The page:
Ben Franklin’s many partners are seen as an integral part of giving students the opportunity to learn and practice skills related to the Common Core standards. For example, PricewaterhouseCoopers (PwC) provides Earn Your Future financial literacy workshops for students, and in collaboration with teachers, PwC provided transportation for students to participate in Chesapeake Bay restoration efforts. In the 2013-14 school year, students racked up over 17,000 service-learning hours with the help of multiple community partners.
The projects included volunteering in a church soup kitchen on Fridays and beginning an urban agriculture program. With their school located in an industrial area, Ben Franklin students have been particularly engaged in an effort to stop the construction of a waste incinerator planned about a mile from the school.
Free Your Voice, a student-led organization working in partnership with United Workers, an anti-poverty grassroots organization and partner at Ben Franklin, has organized the opposition to the project. The students’ efforts have received national media attention and have given students a real-world situation in which to apply their learning.
“Free Your Voice students have worked with teachers at Ben Franklin and in schools across the city to build a bridge between the campaign to stop the incinerator and the classroom,” says Greg Sawtell, a United Workers organizer and former social work intern under de Tablan, who works with the students. “Their involvement in the issue has led to classroom presentations and new curriculum ideas.”
Not only are students informed about a current neighborhood issue, but they have also learned how to “engage complex civic issues with integrity and purpose,” Sawtell says.
Some have also had the opportunity to speak before local residents and officials. In one such forum, student Charles Graham said, “When I started I honestly thought we couldn’t do very much. Now I am kind of shocked at how much we can do. I am terrified just being up here speaking, but I have learned that stepping outside of your comfort zone is a big part of becoming a leader and being part of a group has allowed us to stick with an issue like this that is not so quick to solve.”
Bringing Stability to the Community
One of de Tablan’s first priorities when he became coordinator, was to make sure students were actually getting fed. As in many high schools serving students in low-income families, participation in the free-and reduced-price meal program was extremely low. But he has since been able to reach nearly 100 percent participation in the program. “I didn’t know this was unusual,” he says. “I just knew people had to eat.”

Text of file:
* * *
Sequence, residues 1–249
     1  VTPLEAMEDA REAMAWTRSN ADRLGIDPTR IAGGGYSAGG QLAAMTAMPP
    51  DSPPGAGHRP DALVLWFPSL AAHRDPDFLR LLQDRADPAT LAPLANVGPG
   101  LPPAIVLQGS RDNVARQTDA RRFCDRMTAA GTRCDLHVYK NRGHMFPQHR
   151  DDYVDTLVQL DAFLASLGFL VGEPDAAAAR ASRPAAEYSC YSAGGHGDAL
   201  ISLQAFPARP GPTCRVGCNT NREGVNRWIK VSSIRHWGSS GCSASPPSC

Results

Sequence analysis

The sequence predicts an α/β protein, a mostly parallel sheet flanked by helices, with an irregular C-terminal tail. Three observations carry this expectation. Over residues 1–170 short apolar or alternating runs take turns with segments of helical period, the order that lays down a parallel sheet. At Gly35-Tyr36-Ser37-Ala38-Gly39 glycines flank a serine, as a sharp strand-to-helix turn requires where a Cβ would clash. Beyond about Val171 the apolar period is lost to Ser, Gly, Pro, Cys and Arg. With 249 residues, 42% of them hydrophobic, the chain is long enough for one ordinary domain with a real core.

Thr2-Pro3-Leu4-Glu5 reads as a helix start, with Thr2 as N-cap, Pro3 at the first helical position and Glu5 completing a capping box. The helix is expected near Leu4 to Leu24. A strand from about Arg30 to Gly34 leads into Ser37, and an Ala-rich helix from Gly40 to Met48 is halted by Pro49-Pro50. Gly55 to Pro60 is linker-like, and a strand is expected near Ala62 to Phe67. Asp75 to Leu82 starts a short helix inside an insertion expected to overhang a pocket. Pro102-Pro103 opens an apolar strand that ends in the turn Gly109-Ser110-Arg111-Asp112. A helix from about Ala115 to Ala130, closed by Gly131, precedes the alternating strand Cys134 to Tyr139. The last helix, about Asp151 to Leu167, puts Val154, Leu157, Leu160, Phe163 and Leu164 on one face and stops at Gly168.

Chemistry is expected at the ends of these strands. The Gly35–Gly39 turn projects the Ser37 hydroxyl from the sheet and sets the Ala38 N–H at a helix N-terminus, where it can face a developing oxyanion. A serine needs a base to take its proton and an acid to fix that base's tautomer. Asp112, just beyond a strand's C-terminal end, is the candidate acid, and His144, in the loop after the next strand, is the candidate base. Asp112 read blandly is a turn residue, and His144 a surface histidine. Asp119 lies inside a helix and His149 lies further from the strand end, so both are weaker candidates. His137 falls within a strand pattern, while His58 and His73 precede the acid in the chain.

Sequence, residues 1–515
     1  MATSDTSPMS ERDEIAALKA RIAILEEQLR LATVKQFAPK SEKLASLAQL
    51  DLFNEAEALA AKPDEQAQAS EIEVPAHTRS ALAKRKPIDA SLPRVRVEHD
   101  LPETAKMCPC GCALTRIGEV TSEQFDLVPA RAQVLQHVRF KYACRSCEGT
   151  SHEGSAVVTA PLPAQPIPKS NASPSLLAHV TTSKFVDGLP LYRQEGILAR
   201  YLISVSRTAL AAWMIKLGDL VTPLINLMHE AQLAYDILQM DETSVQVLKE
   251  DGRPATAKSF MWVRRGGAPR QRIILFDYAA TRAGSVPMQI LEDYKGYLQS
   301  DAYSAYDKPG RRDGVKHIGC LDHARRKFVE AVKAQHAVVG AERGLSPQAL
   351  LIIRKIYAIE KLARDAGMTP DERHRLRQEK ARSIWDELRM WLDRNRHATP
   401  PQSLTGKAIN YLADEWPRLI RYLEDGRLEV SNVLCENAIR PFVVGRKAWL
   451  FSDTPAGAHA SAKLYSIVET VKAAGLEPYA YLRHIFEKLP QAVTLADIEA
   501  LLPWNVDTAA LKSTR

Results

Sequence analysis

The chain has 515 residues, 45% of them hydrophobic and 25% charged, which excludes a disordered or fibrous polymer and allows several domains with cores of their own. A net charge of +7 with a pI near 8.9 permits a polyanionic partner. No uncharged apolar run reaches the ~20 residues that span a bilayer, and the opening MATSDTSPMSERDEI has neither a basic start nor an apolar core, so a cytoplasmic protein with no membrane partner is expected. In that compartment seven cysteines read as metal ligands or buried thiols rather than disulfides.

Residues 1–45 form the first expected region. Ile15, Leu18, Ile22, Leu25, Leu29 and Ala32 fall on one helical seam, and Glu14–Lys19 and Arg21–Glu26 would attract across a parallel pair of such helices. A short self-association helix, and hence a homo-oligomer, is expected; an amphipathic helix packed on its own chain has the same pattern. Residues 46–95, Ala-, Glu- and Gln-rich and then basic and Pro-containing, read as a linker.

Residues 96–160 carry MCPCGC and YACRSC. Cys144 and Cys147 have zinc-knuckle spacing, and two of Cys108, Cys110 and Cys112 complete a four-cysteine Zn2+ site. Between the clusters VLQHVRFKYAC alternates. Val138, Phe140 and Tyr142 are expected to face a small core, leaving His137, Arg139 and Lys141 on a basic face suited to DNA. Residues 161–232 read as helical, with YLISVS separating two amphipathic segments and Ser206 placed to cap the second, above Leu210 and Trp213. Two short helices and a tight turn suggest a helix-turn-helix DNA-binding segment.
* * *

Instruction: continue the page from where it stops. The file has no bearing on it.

The work at Ben Franklin is a good example of how the needs of students and the needs of the community are intertwined. To address the high mobility rate, the school partnered with the United Way of Central Maryland to bring in its Family Stability Program, administered by SWCOS at the University of Maryland and Pathway Church of God. The Family Stability Program so far has been able to keep 60 families in their homes—15 from Ben Franklin and at each of the feeder schools in the community. The student mobility rate has since declined from 61 percent to 41 percent.
To address the needs of students aging out of foster care, Ben Franklin partnered with the Safe and Sound Campaign, the Open Society Institute and the Fund for Educational Excellence. This new collaboration effectively expands the Ben Franklin campus by repurposing a historic church social hall and parsonage in Brooklyn.
Students who had previously dropped out will be involved in project-based learning and developing construction skills so they could renovate the site and then have a place to study and live when it is completed. The proposed project is an example of Ben Franklin’s efforts to help residents develop skills and find employment in a community where many manufacturing jobs have left the area. Employee-owned cooperatives are one of the models de Tablan is pursuing.
“We are finding out new ways that we can help our people have living wage jobs,” he says. “What are the newest trends, and what needs to be dusted off that actually works?”
Next, de Tablan envisions an “academical village” by expanding the Community Schools Strategy to all the elementary and middle schools in Brooklyn and Curtis Bay.
“As early as possible,” de Tablan said, “we all need to be warmly welcomed and cared for; and a community school can be just the place where it happens.”
Republished with permission of the Coalition for Community Schools